Mario Flores, a Bolivian native, waited about a half-hour with nearly 40 other Latino immigrants for his turn to speak to a representative of the Virginia Department of Motor Vehicles.

The issue, he explained, is a new state law that requires motorists to prove they are in the United States legally to get a driver's license.

He described how friends are turned away from the DMV because they don't have the necessary documents. "What are they supposed to do?" he implored.

Leni Gonzalez, a Northern Virginia outreach coordinator with the DMV, said she was sympathetic. But her answer was firm.

"We understand the dilemma," Gonzalez said. "But this is the law, and it is very strict. There are no exceptions."

Police and state officials say the law, which took effect Jan. 1, has made undocumented immigrants vulnerable to a growing number of scams that prey on their desperation. Many stand to lose their jobs if they can't drive. So they end up paying hundreds or thousands of dollars -- often unwittingly -- for fake driver's licenses or traveling to states with less restrictive laws.

State officials announced yesterday that they had invalidated more than 1,000 licenses belonging to people who had bought them illegally from two motor vehicle clerks at the DMV's Tysons Corner branch over the past several years. The clerks were convicted in federal court last year of selling licenses to drivers who could not provide proper paperwork.

Spotsylvania authorities also recently obtained indictments against two people as part of a forgery ring in which false documents were being sold to immigrants needing the papers for valid driver's licenses, according to the commonwealth attorney's office there. Ran Kim, 38, and Yong Nan Lee, 30, both of Annandale, were indicted last month on charges of forgery, said Commonwealth's Attorney William F. Neely. Neely said Kim had provided Lee with forged documents so Lee could drive.

The new law came about when it was learned that seven of the 19 hijackers on Sept. 11, 2001, carried Virginia licenses or identification cards, causing the state to tighten restrictions twice. Virginia now is one of 25 states that mandate that applicants show proof of legal residence before obtaining a driver's license. That proof can be a passport, birth certificate or other document that indicates legal status, said Pam Goheen, the Virginia DMV spokeswoman.

Maryland does not require proof of legal residence but asks immigrants for documents "that lend [themselves] to proving your legal admission to the country," such as a visa or green card, said Buel C. Young, a spokesman for the Maryland Motor Vehicle Administration. However, he said, the Maryland General Assembly established a task force last year to consider other options, including whether to introduce stricter requirements.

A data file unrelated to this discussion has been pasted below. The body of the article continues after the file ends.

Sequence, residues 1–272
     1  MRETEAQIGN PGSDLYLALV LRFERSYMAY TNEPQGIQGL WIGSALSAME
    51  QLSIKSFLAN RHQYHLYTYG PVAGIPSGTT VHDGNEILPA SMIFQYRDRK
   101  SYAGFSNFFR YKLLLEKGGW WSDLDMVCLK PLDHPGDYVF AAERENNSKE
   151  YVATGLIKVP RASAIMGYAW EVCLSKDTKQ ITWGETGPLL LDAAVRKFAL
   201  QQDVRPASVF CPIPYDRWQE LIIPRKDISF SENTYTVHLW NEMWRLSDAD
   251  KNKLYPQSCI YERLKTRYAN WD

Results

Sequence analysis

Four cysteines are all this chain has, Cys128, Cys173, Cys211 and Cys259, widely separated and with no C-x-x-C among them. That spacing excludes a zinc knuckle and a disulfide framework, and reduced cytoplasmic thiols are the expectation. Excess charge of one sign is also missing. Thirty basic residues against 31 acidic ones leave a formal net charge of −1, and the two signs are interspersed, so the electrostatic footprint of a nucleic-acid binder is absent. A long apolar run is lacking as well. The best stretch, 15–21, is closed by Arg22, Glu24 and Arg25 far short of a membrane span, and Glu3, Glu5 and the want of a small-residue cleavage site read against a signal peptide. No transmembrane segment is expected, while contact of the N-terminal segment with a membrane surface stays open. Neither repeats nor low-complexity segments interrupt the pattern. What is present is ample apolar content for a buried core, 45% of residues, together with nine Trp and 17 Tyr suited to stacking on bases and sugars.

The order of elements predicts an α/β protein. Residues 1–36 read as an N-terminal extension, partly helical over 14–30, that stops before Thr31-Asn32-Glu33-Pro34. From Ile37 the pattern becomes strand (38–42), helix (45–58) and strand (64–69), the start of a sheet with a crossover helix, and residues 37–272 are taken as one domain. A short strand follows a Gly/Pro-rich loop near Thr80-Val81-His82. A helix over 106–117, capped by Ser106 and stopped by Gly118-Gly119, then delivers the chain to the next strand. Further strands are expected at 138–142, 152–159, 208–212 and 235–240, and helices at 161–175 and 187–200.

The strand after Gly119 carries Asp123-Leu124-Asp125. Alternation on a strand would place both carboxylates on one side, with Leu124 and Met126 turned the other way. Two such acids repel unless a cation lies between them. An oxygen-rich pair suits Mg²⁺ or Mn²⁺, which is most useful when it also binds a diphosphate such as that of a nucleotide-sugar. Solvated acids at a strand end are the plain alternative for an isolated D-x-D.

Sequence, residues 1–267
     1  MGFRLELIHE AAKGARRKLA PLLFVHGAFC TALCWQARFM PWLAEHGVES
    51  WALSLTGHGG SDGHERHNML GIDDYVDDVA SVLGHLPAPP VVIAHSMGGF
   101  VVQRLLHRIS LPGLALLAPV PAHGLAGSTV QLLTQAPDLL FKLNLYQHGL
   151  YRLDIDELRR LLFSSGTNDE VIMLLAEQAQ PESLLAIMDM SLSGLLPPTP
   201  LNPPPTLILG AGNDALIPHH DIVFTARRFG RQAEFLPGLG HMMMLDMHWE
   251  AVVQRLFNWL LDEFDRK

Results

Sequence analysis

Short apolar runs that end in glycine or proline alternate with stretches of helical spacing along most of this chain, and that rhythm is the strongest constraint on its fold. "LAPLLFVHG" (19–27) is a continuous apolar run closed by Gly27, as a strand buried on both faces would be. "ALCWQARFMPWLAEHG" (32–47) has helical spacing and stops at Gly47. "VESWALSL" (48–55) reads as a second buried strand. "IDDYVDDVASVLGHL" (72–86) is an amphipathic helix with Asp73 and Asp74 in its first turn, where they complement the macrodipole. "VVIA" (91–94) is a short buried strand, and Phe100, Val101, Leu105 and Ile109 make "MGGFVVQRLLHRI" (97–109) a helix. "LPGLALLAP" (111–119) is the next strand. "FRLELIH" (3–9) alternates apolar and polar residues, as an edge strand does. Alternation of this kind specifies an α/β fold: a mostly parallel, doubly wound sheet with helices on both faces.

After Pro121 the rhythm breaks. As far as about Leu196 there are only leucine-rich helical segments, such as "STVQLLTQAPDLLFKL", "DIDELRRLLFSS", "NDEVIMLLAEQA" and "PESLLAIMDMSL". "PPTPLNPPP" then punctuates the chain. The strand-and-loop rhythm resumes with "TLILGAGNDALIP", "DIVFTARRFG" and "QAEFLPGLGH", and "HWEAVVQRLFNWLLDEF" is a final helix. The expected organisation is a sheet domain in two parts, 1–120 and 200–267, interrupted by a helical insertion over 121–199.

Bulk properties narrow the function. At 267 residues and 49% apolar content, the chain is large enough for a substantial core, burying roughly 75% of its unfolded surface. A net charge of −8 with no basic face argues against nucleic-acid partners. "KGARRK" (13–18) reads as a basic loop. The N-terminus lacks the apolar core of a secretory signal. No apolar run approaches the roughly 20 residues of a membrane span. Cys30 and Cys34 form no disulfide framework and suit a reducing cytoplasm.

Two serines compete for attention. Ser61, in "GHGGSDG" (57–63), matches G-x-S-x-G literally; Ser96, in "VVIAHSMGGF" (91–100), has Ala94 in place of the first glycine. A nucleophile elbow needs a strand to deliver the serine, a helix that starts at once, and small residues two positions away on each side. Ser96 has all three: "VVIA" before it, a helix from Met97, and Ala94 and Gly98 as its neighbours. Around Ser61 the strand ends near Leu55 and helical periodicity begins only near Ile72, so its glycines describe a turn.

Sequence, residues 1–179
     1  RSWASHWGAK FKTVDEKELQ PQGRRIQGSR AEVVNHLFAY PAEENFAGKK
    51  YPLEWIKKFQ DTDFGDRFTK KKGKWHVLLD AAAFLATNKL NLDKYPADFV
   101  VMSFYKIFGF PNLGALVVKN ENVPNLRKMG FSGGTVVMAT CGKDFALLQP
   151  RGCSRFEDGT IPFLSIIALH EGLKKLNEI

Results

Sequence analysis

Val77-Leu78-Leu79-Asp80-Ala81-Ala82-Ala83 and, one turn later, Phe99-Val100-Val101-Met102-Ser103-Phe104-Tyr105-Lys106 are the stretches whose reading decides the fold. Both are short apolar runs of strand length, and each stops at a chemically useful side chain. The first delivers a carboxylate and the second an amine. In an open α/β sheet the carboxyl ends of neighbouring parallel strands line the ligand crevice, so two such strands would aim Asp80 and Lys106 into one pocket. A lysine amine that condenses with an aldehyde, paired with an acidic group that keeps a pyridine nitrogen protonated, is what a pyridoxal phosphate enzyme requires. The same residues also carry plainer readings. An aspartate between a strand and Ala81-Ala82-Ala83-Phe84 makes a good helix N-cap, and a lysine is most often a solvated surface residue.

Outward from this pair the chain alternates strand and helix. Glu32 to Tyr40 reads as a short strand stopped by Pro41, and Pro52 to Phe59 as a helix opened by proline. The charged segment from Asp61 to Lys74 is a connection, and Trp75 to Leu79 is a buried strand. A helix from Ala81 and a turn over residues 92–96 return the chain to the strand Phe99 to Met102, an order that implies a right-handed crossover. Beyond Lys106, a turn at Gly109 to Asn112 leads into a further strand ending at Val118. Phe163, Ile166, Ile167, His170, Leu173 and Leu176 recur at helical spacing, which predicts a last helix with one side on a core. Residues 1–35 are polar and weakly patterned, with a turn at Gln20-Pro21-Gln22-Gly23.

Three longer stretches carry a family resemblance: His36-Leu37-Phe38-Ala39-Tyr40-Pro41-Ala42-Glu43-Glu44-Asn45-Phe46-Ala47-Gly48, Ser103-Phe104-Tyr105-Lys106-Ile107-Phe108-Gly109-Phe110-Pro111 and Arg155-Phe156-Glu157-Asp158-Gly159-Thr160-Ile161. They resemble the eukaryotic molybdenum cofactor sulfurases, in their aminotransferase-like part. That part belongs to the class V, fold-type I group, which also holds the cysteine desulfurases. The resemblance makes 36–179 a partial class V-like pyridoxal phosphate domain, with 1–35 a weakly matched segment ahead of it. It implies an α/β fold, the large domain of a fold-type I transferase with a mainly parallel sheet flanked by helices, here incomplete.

In the District, there is no legal presence mandate, but immigrants must show their status with a document such as a Social Security card, along with proof of residency, said Anne Witt, director of the D.C. Department of Motor Vehicles.

Caught in the middle in Virginia are thousands of undocumented immigrants who have been working in the United States for years, often paying taxes, and who now stand to lose those jobs because they can't drive to work.

"The law has completely changed their lives," said Connie Freeman with Arlington County's Buckingham Community Outreach Center, one of the sponsors of the seminar attended by Flores.

While activists argue that the new law has made it difficult for undocumented residents, state Del. David B. Albo (R-Fairfax) said those immigrants already are breaking the law if they are in the country without the proper documents. "They shouldn't be rewarded by getting a Virginia driver's license," said Albo, who sponsored the state's license bill in the House. "A license is a passport to do almost anything."

But without it, immigrants say, they are paralyzed.

"There are many of us with this problem," said one 37-year-old Bolivian immigrant who spoke on condition of anonymity because she was in the United States illegally. "Without an ID, you can't do anything -- you can't find work, you can't open a bank account."

With an estimated 6 million to 8 million undocumented people in the United States, the problem is growing, said Tanya Broder, a staff attorney with the National Immigration Law Center.

In many immigrant families, parents and children do not have the same legal status, Broder said. That, she said, can potentially prevent parents who can't get a driver's license from taking their legal children to school.

"These are very hard-working, taxpaying workers who have both immigrants and citizens in their families," Broder said.

Scammers have stepped into the vacuum. One undocumented 46-year-old construction worker from Argentina who has been in Virginia for three years said he paid $280 for an international driver's permit at a travel agency in Arlington after the clerk there told him it would serve as a valid license.

Later, "people told me it's not even worth five dollars," he said. "I wasted my money."

The U.S. Department of State has authorized only the American Automobile Association and the American Automobile Touring Alliance to issue international driver's permits, said Kelly Shannon, a spokeswoman for the State Department's Bureau of Consular Affairs.

Shannon said these permits, which cost about $20, are issued in the country of residence and are merely translations of driver's licenses.

"It's a complimentary document," Shannon said. "It does not stand alone and does not replace a U.S. valid state license. They're only used to supplement a valid license when traveling abroad."